2 Capacity and capability issues |
6. The Authority is responsible for reporting
on over 200 major projects with a total whole life cost of £376
billion. It has a budget of £6 million and 38 full-time equivalent
members of staff, some 40% less staff than its predecessor, the
Major Projects Directorate of the Office for Government Commerce.
The resources applied to assurance work in the private sector
are often significantly greater than those in the public sector.
We asked whether the Authority was adequately resourced given
that it was required to deliver more work with fewer resources
than its predecessor. The Authority told us that, in agreement
with HM Treasury and departments, it prioritised its workload
based on those projects which were considered to be high risk,
high value, and with the potential for high reputational damage
if they go wrong. Other projects in the portfolio get less in-depth
attention from the Authority. The Authority acknowledged that
the size or risk attributed to a project was not necessarily an
indication of how well the project was run and that there was
a danger that it could miss problems which might arise in smaller
7. The Authority does not measure the outcomes
from its assurance interventions, but told us that it was working
with HM Treasury to create a performance framework to capture
We asked what consideration had been given to quantifying the
financial return from the current level of investment in the assurance
system and whether investment in additional assurance work could
result in further savings.
HM Treasury told us that it had not undertaken such an analysis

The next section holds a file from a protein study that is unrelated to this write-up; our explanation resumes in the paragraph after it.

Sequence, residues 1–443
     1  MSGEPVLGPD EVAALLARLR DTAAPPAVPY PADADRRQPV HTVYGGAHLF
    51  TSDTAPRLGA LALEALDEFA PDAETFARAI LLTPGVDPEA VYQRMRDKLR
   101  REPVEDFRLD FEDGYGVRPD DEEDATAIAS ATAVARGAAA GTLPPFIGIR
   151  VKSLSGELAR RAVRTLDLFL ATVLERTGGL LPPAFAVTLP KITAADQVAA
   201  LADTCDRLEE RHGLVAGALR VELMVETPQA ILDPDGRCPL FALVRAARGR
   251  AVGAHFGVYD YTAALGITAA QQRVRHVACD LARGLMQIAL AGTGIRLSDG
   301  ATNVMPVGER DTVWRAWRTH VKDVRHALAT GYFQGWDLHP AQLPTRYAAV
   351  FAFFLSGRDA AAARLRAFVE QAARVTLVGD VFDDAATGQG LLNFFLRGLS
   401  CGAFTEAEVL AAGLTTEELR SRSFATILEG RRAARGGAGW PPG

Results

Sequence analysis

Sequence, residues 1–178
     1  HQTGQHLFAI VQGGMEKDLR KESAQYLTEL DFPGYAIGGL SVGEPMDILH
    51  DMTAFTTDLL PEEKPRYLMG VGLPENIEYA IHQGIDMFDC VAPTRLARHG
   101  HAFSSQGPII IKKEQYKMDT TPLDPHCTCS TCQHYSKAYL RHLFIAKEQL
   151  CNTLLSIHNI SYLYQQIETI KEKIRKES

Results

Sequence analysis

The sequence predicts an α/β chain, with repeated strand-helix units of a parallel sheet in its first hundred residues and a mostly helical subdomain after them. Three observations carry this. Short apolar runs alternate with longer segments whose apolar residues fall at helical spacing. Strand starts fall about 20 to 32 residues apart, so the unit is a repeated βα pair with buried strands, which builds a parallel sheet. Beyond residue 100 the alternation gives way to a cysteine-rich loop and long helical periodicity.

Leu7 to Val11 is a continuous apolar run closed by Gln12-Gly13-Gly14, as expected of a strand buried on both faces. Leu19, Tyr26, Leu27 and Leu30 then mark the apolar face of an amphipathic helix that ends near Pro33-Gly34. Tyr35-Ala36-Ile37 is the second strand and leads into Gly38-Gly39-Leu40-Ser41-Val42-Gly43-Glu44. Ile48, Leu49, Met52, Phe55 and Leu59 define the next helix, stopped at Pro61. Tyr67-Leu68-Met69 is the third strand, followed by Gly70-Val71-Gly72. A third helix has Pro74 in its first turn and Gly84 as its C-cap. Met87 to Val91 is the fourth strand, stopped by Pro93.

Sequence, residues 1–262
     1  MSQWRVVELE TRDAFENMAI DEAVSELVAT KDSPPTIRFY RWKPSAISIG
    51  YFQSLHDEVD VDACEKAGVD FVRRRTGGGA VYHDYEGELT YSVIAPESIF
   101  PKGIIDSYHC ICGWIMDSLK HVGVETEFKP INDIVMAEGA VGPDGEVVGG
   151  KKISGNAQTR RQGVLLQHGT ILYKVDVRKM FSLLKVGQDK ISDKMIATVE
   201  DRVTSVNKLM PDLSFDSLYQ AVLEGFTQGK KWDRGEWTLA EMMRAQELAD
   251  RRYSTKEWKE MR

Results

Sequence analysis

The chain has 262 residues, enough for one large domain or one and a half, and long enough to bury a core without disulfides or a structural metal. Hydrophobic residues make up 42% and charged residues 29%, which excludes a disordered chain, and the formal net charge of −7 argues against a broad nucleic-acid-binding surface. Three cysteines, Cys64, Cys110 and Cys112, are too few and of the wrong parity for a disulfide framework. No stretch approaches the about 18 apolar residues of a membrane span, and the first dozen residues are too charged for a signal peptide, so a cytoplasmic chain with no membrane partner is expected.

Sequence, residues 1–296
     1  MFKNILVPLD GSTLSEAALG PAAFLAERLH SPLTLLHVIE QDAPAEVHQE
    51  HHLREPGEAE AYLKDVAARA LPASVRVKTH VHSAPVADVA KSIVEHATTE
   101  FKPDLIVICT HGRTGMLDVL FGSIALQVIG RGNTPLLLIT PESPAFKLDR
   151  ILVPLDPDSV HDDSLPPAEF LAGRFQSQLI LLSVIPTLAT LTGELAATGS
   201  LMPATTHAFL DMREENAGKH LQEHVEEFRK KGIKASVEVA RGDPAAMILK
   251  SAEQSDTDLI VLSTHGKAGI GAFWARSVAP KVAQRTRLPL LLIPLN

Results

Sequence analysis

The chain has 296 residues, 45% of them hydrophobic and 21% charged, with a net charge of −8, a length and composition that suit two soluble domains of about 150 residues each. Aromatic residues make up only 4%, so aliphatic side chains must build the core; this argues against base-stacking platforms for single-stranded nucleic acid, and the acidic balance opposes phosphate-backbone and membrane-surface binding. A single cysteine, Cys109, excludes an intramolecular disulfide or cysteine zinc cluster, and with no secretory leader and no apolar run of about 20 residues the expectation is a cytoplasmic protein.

but it was supportive of investments which 'spend to save'.
8. The Authority told us that because it did
not have the resources to carry out focused assurance work across
the portfolio, it was targeting the improvement of civil servants'
project management skills as a means of reducing the project failure
rate. The Major Projects
Leadership Academy, a joint venture between the Authority and
Oxford University, was launched in April 2012 with the aim of
training 200 to 300 senior civil servants in project management
skills within three years.
From March 2014, all Senior Responsible Owners of major projects
will be required to have attended the Academy and have two years'
operational experience before being appointed to manage a major
9. The Academy is a welcome step in strengthening
the project management skills of civil servants, but retaining
and making best use of those trained will be a challenge.
Managing large projects is as much of a challenge for the private
sector as for the public sector and there is a danger that individuals
will leave the civil service once trained. The Authority told
us that retaining staff would depend on ensuring that conditions
in the workplace allowed staff to use their skills to best effect
and feel supported, appreciated and rewarded. The Academy is being
supplemented with a project leaders' network for Senior Responsible
Owners to share ideas, information and provide peer support.
But the Authority also needs to ensure that individuals strengthen
their knowledge with the right experience, and get recognition
for doing a good job.
10. To make best use of the skilled Senior Responsible
Owners, it is important that they remain on the job for the right
length of time. This Committee has frequently highlighted the
detrimental effect of "churn" of staff on the delivery
of projects. In particular, the Ministry of Defence does not keep
Senior Responsible Owners in post for long enough before they
are moved on to new roles.
The Authority told us that it was working with the Ministry of
Defence and other departments on their deployment of Senior Responsible
Owners and project directors to increase flexibility in appointments
and reduce this "churn" rate.
12 Q 62, C&AG's Report para 2.4 Back
Qq 2-3 Back
Qq 35, 36, 63 Back
Q 114 Back
Qq 41, 114 Back
Q 100 Back
Qq 9, 34 Back
Q 86 Back
Qq 88,90 Back
Qq 93, 95 Back
Q 86 Back
Qq 93-94 Back
Q 77 Back
Qq 79-82 Back